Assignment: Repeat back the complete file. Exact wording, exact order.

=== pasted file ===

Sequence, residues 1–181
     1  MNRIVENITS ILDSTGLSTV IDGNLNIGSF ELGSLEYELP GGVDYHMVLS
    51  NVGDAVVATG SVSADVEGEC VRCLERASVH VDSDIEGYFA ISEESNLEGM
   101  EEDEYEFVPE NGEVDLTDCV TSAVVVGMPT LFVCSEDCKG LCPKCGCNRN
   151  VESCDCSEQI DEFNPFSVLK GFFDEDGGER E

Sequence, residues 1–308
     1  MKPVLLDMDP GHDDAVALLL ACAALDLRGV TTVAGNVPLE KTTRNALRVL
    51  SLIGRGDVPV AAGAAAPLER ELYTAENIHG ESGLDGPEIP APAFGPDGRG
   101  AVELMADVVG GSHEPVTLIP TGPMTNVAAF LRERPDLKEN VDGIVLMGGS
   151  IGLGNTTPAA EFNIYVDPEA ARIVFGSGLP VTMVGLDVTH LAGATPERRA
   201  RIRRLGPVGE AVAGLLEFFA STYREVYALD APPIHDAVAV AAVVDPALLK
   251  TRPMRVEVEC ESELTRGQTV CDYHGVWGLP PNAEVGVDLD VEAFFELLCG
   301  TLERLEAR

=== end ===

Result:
Sequence, residues 1–181
     1  MNRIVENITS ILDSTGLSTV IDGNLNIGSF ELGSLEYELP GGVDYHMVLS
    51  NVGDAVVATG SVSADVEGEC VRCLERASVH VDSDIEGYFA ISEESNLEGM
   101  EEDEYEFVPE NGEVDLTDCV TSAVVVGMPT LFVCSEDCKG LCPKCGCNRN
   151  VESCDCSEQI DEFNPFSVLK GFFDEDGGER E

Sequence, residues 1–308
     1  MKPVLLDMDP GHDDAVALLL ACAALDLRGV TTVAGNVPLE KTTRNALRVL
    51  SLIGRGDVPV AAGAAAPLER ELYTAENIHG ESGLDGPEIP APAFGPDGRG
   101  AVELMADVVG GSHEPVTLIP TGPMTNVAAF LRERPDLKEN VDGIVLMGGS
   151  IGLGNTTPAA EFNIYVDPEA ARIVFGSGLP VTMVGLDVTH LAGATPERRA
   201  RIRRLGPVGE AVAGLLEFFA STYREVYALD APPIHDAVAV AAVVDPALLK
   251  TRPMRVEVEC ESELTRGQTV CDYHGVWGLP PNAEVGVDLD VEAFFELLCG
   301  TLERLEAR